Video by International Rehabilitation Council for Torture victims (IRCT) for Channel 4, UK
Article Source: Kashmir Watch
Film on torture in Kashmir reopens old wounds, annoys some Indians
By MUDASIR AHMED
SRINAGAR: Two days after the International Rehabilitation Council for Torture victims (IRCT) released their film titled ‘Kashmir’s Torture Trail’ on UK’s Channel 4, the netizens on Thursday flooded the social networking sites with comments about the film.
The real time micro-blogging site Twitter was flooded with tweets highlighting torture tales in Kashmir while Facebook also remained abuzz with shares and posts applauding the film as “devastating and damning evidence of widespread torture” in the Valley.
Mirza Waheed, author of the internationally acclaimed novel on Kashmir ‘The Collaborator’ while sharing the film on Facebook, wrote: “Just watched the documentary. Devastating. Damning evidence of widespread torture. It’s going to be a sad, sad night.”
Another Facebook user who commented on the thread, said, “No documentary can ever record the misery Indian colonization has inflicted on life and letters in Kashmir. Certainly, none can freeze the psychological torture under which most of us have to dissimulate our true belief under a system which extorts loyalty.”
Twitter news feed is filled with #Torturekashmir tweets ever since the trailer of the film was released a few days ago, prompting the Kashmiri Twitterrati to flock the site and share their thoughts and experiences without any let up.
Thousands of tweets like “Kashmir’s horror stories,” “Pain and suffering all these years,” “Skin plucked at places,” with hashtag #TortureKashmir were published in a short-amount of time beginning with 8 pm on Friday, July 6.
Twitter user @AlhaquMurun posted, “A sneak peak at the horror stories of #Kashmir that trended under #TortureKashmir.”
Another twitter user @panditkmr tweeted, “Kashmiri Prisoners Vs Abu Gharib & Gwantanamo- India practised it in #Kashmir before US did it.”
Twitter user @ShaalKak wrote: “Electrocution, beatings and sexual humiliation were the three most tactics used by forces in #Kashmir #TortureKashmir.”
@Shaalkak was retweeted by user user @IbneBattuta, who originally came up with the idea to use hashtag #Torturekashmir to tell tales of torture in Kashmir. Quoting celebrated Kashmiri-American poet Agha Shahid Ali IbneBattuta wrote, “They make a desolation and call it peace. #torturekashmir.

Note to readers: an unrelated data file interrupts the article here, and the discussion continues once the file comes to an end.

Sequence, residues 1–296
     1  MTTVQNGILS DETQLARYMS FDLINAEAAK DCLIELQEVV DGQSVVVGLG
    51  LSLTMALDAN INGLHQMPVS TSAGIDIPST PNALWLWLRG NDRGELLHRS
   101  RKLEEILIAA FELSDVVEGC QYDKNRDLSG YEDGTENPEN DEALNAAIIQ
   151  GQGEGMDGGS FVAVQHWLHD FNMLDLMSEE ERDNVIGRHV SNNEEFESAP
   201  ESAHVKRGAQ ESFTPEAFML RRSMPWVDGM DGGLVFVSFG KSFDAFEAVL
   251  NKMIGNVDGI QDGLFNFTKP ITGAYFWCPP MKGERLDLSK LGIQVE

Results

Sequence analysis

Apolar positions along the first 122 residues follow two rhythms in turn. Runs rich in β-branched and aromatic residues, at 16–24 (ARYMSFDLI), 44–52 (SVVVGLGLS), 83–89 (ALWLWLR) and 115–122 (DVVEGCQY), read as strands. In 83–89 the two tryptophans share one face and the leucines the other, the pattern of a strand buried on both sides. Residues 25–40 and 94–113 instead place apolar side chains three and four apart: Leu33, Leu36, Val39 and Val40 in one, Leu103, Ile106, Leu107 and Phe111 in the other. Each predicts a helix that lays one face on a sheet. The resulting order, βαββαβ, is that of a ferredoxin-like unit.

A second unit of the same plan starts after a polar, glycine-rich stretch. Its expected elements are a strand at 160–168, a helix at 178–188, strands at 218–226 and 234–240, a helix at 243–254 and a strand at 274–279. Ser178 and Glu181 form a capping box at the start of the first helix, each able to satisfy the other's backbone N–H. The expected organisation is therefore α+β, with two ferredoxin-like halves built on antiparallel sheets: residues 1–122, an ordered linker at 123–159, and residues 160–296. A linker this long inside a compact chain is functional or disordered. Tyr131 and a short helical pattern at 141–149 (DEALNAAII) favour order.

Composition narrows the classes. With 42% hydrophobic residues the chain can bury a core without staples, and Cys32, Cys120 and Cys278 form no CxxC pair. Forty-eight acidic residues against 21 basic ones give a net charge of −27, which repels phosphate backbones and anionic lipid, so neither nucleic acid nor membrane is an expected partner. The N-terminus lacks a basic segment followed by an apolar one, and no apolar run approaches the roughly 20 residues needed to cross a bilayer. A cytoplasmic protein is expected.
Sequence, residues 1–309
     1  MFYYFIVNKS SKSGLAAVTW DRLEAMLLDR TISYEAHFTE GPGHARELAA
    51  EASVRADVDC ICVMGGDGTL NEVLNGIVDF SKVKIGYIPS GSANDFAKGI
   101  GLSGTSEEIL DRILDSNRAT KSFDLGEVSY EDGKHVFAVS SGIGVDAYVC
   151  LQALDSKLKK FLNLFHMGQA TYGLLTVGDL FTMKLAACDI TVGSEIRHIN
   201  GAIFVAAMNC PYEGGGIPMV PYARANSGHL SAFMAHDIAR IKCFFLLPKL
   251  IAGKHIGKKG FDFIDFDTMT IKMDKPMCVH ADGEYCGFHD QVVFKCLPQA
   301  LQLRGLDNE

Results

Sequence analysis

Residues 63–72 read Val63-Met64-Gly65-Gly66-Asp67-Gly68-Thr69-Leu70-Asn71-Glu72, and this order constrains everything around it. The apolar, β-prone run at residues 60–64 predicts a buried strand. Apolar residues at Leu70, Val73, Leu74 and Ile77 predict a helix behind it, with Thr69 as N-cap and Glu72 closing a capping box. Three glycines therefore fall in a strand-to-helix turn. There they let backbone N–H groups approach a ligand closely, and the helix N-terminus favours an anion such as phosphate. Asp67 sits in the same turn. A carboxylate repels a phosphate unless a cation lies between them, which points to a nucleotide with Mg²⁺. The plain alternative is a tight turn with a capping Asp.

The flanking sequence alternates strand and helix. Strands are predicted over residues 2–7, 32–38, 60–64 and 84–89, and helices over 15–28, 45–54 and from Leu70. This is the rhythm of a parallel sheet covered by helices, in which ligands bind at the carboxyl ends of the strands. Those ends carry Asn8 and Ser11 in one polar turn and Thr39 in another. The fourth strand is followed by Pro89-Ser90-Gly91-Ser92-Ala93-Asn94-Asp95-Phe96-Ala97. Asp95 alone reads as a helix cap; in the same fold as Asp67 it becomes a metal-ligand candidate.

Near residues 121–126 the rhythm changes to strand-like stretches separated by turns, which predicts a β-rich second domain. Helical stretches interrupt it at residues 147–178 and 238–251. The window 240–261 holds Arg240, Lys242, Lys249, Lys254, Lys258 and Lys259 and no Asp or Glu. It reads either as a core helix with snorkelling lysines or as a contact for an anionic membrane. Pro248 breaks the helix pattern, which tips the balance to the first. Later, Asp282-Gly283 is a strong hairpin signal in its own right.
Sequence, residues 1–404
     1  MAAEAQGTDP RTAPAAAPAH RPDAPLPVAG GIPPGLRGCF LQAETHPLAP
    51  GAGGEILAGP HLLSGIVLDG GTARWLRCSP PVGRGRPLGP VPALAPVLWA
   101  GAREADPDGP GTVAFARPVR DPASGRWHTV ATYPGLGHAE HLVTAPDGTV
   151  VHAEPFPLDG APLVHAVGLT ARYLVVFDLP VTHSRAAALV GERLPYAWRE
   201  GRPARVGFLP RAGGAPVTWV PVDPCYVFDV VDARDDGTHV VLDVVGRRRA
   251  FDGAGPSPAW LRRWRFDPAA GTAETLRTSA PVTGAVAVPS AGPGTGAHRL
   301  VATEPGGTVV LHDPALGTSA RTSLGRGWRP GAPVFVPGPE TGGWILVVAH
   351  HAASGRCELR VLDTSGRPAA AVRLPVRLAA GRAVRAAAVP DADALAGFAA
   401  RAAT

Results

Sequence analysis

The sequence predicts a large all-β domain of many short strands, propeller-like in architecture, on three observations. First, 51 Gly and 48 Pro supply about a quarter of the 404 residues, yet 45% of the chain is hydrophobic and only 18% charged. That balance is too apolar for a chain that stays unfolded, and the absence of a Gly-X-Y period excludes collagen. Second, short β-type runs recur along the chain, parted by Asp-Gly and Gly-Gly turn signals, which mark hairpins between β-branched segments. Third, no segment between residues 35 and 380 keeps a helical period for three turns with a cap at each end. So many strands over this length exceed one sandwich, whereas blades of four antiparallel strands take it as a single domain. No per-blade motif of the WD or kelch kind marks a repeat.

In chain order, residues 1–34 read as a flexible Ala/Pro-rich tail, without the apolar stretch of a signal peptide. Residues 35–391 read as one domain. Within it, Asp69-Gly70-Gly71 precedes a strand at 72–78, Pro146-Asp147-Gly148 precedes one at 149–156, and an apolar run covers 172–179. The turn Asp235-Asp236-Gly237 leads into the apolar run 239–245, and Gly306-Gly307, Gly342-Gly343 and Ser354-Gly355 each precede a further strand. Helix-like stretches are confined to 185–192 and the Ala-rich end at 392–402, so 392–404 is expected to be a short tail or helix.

Kashmir’s rapping sensation @MCKashKashmir posted on his feed: “#TortureKashmir when all you saw was the blood of countless people smeared across the walls of a torture chamber.”
Malaysian-based Kashmiri student Muhammad Faysal @_Faysal tweeted, “He had no nails on any of his fingers or toes. Skin plucked at places, kidneys not working.” #TortureKashmir.”
Kashmir-based journalist Shuja-ul-Haq wrote, “Kashmir can never move on unless its bloody past is accounted for. #torturekashmir.”
“Only place in the world where the most dignified name reminds of torture. ?#PAPA-1 ?#PAPA-2 ?#TortureKashmir,” Shuja added.
The film also prompted sharp reactions from a section of Indian media branding the film as “unusual” and “strange.”
UK-based Correspondent of India’s leading newspaper ‘Times of India’ said in an article titled “Jammu and Kashmir ‘nightmare’ in UK media,” that the hour long documentary challenges India’s credentials as a “democracy, accusing security forces in Jammu & Kashmir of being responsible for disappearances of 8,000 Kashmiri civilians and extra-judicial executions in the past 22 years as well as for rape and torture.”
The same day, the daily wrote, the UK’s Guardian newspaper carried an extended piece on the same subject “in a clearly co-ordinated assault against India’s human rights record.”
Questioning the documentary for its absence of a “neutral party or any voice from J and K government or central government,” the ‘Times of India’ wrote: “Strangely, the production team was in the Kashmir valley at the time of last year’s stone-pelting incidents in which over 100 youths were killed. There are questions being asked whether they were tipped off by those who planned the demonstrations.”